Sleeper pick to make 2023 Yankees roster could steal impact at-bats in outfield

Chicago Cubs v New York Mets
Chicago Cubs v New York Mets / Jim McIsaac/GettyImages

Entering 2023, the New York Yankees still need to find balance in their lineup via impact left-handed bats, as well as a left fielder who isn't named Aaron Hicks -- pending a major reversal of fortune, his days of being a fan favorite and above-average offensive player are in the rear view mirror.

Hicks' switch-hitting ability makes him appealing, until you look at his offensive profile and recall he provides the Yankees with the unique ability to struggle from both sides of the plate. Though he's the most likely candidate by far to be the Opening Day starter in left field, it wouldn't be shocking if an unexpected name emerges and steals reps by May 1.

It probably won't be Oswaldo Cabrera as a full-time option; he's not a left fielder and never was before the Yankees' stroke of genius to get him into October's lineup. His bat was also exposed a bit by playoff pitching; there's still a bit too much swing-and-miss in that profile for him to be a savior, though he should be a utility help in 2023.

That leaves Estevan Florial, who's hoping this time is the charm after being unable to make an effective big-league jump from Triple-A in 2020, 2021 and 2022, as well as NRIs Willie Calhoun and Rafael Ortega.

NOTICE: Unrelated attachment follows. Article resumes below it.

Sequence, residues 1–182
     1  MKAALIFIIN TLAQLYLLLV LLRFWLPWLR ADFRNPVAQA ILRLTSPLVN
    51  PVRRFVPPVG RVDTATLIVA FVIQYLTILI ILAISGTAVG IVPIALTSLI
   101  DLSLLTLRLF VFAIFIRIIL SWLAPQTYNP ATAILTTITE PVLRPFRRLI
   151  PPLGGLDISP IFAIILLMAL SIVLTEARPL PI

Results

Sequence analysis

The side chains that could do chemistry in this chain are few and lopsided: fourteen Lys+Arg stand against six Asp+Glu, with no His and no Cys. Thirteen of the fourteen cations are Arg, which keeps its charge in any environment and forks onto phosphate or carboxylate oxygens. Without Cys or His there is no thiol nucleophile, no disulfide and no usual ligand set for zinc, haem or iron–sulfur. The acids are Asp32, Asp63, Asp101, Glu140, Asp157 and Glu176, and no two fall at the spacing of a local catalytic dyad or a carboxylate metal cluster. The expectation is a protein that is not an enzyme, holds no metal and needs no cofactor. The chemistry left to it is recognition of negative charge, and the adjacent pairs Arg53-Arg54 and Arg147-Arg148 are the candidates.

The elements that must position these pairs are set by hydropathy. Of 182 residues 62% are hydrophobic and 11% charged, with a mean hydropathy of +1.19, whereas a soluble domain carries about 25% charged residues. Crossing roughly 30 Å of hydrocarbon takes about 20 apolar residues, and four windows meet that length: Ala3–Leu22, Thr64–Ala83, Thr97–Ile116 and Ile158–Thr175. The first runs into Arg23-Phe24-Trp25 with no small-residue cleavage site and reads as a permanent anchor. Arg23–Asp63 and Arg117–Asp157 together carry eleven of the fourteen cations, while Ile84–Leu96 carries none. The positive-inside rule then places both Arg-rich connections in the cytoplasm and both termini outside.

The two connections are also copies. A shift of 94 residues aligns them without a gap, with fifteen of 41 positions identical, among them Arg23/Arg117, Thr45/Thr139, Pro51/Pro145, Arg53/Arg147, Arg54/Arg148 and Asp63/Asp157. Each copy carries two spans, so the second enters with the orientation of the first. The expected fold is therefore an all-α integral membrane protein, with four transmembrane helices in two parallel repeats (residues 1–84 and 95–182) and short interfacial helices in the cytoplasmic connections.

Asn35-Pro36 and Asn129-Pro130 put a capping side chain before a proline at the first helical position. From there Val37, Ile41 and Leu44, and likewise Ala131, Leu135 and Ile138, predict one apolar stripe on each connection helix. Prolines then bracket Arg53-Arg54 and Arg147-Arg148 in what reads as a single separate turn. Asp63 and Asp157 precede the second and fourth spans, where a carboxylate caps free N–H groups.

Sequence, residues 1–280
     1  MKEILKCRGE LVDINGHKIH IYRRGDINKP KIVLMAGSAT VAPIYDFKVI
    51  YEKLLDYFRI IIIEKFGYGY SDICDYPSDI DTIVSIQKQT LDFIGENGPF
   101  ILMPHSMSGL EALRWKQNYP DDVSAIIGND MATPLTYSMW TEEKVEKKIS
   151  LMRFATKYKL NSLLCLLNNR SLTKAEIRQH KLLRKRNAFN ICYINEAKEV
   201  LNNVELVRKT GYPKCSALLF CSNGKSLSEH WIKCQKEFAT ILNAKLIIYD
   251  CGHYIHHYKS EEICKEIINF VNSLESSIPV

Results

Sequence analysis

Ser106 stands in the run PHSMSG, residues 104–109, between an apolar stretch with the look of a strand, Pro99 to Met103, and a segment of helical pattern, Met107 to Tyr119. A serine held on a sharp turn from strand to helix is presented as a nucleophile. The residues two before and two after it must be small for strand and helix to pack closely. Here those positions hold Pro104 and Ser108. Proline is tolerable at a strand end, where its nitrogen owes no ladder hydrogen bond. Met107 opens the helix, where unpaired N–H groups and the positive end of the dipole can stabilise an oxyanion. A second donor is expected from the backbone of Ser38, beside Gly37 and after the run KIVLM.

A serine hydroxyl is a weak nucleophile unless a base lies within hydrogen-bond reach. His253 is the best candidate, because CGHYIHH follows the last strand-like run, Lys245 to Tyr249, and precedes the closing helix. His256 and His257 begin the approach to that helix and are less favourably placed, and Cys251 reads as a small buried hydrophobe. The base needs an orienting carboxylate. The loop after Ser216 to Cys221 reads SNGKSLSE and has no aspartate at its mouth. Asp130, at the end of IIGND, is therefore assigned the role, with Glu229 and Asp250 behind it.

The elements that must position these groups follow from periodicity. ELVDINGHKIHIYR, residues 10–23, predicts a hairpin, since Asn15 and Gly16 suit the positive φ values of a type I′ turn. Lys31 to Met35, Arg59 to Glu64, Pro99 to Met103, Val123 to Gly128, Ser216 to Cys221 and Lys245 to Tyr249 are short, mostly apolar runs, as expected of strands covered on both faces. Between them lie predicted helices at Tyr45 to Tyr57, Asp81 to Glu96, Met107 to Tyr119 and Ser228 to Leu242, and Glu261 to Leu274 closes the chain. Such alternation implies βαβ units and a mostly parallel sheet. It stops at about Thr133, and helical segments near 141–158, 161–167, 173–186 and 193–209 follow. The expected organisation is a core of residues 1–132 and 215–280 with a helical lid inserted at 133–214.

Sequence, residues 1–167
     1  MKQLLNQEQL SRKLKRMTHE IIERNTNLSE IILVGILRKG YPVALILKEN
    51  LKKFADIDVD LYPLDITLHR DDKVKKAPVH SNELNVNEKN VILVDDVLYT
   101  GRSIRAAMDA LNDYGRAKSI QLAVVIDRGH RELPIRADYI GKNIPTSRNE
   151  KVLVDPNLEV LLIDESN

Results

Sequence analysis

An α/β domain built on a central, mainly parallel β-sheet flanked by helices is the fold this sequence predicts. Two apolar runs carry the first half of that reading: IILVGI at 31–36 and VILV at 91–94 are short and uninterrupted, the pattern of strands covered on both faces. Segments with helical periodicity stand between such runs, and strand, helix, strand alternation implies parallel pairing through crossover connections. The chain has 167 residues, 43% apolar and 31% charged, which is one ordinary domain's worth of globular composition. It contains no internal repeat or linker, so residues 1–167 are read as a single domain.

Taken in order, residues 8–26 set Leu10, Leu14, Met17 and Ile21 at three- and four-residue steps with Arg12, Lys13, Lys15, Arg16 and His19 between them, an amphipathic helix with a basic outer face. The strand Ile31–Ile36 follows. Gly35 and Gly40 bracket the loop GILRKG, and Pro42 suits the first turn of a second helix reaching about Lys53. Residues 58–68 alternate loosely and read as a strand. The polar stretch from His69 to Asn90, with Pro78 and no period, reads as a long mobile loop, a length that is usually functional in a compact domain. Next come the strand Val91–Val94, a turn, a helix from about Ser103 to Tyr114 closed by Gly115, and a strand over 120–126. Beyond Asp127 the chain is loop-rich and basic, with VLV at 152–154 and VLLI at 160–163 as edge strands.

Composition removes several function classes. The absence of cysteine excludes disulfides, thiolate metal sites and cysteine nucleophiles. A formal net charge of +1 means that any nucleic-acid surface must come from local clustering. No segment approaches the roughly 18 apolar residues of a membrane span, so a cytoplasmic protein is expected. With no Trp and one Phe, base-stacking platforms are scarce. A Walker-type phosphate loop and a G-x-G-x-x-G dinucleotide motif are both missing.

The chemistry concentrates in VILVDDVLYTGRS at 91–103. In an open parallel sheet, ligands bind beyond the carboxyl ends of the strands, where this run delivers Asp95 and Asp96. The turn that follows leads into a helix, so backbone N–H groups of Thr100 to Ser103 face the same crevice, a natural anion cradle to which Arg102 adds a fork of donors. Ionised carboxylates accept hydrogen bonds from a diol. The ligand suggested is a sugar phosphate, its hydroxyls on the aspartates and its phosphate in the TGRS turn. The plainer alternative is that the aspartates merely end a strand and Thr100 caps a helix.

We'd like to be among the first to say that Ortega's contributions shouldn't be discarded so quickly, as he's been an effective offensive player with left-handed pop more recently than Hicks has, and doesn't have a troublesome (and potentially career-altering) injury to blame for his slide into mediocrity last year. That means it could be fixable.

Former Cubs OF Rafael Ortega could sneak into Yankees left field job

Let's be honest: Ortega regaining his 2021 form and stealing an outfield spot is a lot more likely than Aaron Judge ever suiting up in left with Giancarlo Stanton in right.

That season, the 30-year-old Ortega broke out with a .291 average, .360 OBP, .823 OPS, 121 OPS+ and 11 bombs in 103 games. His underlying metrics were middling (his barrel percentage was a less-than-ideal 5.7% and his K % was an elevated 21.2%), but the results were certainly there.

What's potentially most encouraging about Ortega is that, even in a down year, he managed to walk a significant amount and see the ball well. His 11.9% walk percentage was in the top 10 percent of all MLB players last season, and his whiff percentage fell in the 82nd percentile. Even his rolling xWOBA began crawling into the above-average red by the end of the campaign. In a season to forget, he still took his walks, rarely swung and missed, and wrapped the year with a 95 OPS+, production that exceeds Aaron Hicks' season by a significant margin (86 OPS+, same good eye).

Ortega doesn't have a long track record of success, and will be 32 years old in mid-May. But seeing as the Yankees tolerated a significant amount of Hicks last season and plan to do so again, it's worth noting that Ortega's 2022 struggles profile better than Hicks' likely output, and the best-case scenario for the ex-Cub could be a Gio Urshela-like surprise.

Except ... not quite. Because we've already seen it at the MLB level.